A rare cause of hypertestosteronemia in a 68-year-old patient: a Leydig cell tumor due to a somatic GNAS (guanine nucleotide-binding protein, alpha-stimulating activity polypeptide 1)-activating mutation.
ABSTRACT Leydig cell tumors of the testis are the most common type of non-germ cell testicular tumors. In adult patients, gynecomastia, oligozoospermia, erectile dysfunction, and other signs of feminization can be present, whereas testosterone levels are frequently in the normal range or slightly reduced. We describe a patient with a history of impaired sexual function, as well as progressive enlargement of the left testis, without gynecomastia. Hormonal evaluation demonstrated very high testosterone, estrogen, and pan-alpha-inhibin levels. Magnetic resonance imaging revealed the presence of left testicular hypertrophy without evidence of testicular mass. After left orchiectomy, histologic examination confirmed the diagnosis of Leydig cell tumor, and steroid hormone levels normalized. A heterozygous missense somatic gsp mutation (R201C) was found in tumoral tissue, whereas no mutation was found in the surrounding normal tissue or in leukocyte DNA. This case provides evidence that somatic activating gsp mutation in Leydig cells may result in tumor development, leading to overexpression of the inhibin alpha subunit and hyperactivity of the testosterone biosynthetic pathway.
Article: Tumores no germinales del testículo[Show abstract] [Hide abstract]
ABSTRACT: Los tumores no germinales del testículo son infrecuentes. Antes de tomar una decisión terapéutica se recomienda descartar algunas formas clínicas que permitirían considerar una cirugía conservadora. Desde ahora, lo mejor sería proponer un tratamiento adecuado para cada tipo de tumor.EMC - Urología. 09/2014; 46(3):1–9.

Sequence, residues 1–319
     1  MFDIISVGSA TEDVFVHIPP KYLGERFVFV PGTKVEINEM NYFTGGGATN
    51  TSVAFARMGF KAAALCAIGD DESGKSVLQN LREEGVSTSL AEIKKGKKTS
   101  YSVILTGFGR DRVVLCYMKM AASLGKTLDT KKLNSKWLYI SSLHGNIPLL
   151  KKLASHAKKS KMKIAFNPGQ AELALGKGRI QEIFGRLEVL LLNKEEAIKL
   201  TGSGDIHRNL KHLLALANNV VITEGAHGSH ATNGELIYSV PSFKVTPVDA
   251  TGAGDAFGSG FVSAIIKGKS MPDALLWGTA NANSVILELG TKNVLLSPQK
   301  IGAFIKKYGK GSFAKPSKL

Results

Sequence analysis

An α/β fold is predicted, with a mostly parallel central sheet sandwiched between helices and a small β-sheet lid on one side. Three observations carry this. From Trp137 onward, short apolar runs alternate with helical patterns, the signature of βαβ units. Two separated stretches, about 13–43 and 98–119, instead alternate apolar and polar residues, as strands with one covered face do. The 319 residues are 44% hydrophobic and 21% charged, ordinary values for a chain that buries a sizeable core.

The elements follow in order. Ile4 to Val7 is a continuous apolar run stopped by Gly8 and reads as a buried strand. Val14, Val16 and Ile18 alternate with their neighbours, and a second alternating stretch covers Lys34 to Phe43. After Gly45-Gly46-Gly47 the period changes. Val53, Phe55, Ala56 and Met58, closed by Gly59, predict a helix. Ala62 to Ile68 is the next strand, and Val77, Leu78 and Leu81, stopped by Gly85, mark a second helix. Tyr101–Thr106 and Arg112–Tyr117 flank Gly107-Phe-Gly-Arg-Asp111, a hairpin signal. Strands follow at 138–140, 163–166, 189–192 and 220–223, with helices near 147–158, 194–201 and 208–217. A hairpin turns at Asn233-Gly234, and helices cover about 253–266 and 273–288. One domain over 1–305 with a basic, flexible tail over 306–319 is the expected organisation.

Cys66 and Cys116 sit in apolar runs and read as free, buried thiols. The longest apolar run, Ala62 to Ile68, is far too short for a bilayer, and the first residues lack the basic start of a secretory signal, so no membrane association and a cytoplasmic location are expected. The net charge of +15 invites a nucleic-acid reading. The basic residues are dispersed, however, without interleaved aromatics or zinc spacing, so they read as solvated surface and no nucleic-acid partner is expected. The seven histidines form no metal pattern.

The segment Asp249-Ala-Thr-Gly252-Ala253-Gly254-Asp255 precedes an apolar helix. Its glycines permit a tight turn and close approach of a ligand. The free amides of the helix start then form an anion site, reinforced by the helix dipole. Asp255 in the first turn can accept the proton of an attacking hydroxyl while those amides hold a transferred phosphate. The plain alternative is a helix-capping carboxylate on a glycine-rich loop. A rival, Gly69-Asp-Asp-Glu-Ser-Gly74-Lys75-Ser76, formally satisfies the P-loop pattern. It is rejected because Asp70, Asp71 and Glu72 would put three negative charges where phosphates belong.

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ABSTRACT: Leydig cell tumors are the most common non-germ cell gonadal tumors with apparent increased incidence in the last few years. They are usually benign tumors. We report a case of Leydig cell tumor of testis in a patient presenting atypical features.BMC Research Notes 09/2014; 7(1):656.
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ABSTRACT: Men with Kallmann syndrome (KS) and those with congenital isolated hypogonadotropic hypogonadism with normal olfaction share a chronic, usually profound deficit, in FSH and LH, the two pituitary gonadotropins. Many studies indicate that this gonadotropin deficiency is already present during fetal life, thus explaining the micropenis, cryptorchidism and marked testicular hypotrophy already present at birth. In addition, neonatal activation of gonadotropin secretion is compromised in boys with severe CHH/Kallmann, preventing the first phase of postnatal testicular activation. Finally, CHH is characterized by the persistence, in the vast majority of cases, of gonadotropin deficiency at the time of puberty and during adulthood. This prevents the normal pubertal testicular reactivation required for physiological sex steroid and testicular peptide production, and for spermatogenesis. CHH/KS thus represents a pathological paradigm that can help to unravel, in vivo, the role of each gonadotropin in human testicular exocrine and endocrine functions at different stages of development. Recombinant gonadotropins with pure LH or FSH activity have been used to stimulate Leydig's cells and Sertoli's cells, respectively, and thereby to clarify their paracrine interaction in vivo. The effects of these pharmacological probes can be assessed by measuring the changes they provoke in circulating testicular hormone concentrations. This review discusses the impact of chronic gonadotropin deficiency on the endocrine functions of the interstitial compartment, which contains testosterone-, estradiol- and INSL3-secreting Leydig's cells. It also examines the regulation of inhibin B and anti-Mullerian hormone (AMH) secretion in the seminiferous tubules, and the insights provided by studies of human testicular stimulation with recombinant gonadotropins, used either individually or in combination.Annales d Endocrinologie 05/2014; · 0.66 Impact Factor